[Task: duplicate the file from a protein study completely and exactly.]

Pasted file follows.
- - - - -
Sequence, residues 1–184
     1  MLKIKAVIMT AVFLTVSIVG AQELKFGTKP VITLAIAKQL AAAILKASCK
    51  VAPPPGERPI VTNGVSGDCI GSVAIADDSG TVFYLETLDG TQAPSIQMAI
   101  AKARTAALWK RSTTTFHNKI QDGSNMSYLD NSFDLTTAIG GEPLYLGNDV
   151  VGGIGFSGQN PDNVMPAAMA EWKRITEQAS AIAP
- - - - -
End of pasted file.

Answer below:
Sequence, residues 1–184
     1  MLKIKAVIMT AVFLTVSIVG AQELKFGTKP VITLAIAKQL AAAILKASCK
    51  VAPPPGERPI VTNGVSGDCI GSVAIADDSG TVFYLETLDG TQAPSIQMAI
   101  AKARTAALWK RSTTTFHNKI QDGSNMSYLD NSFDLTTAIG GEPLYLGNDV
   151  VGGIGFSGQN PDNVMPAAMA EWKRITEQAS AIAP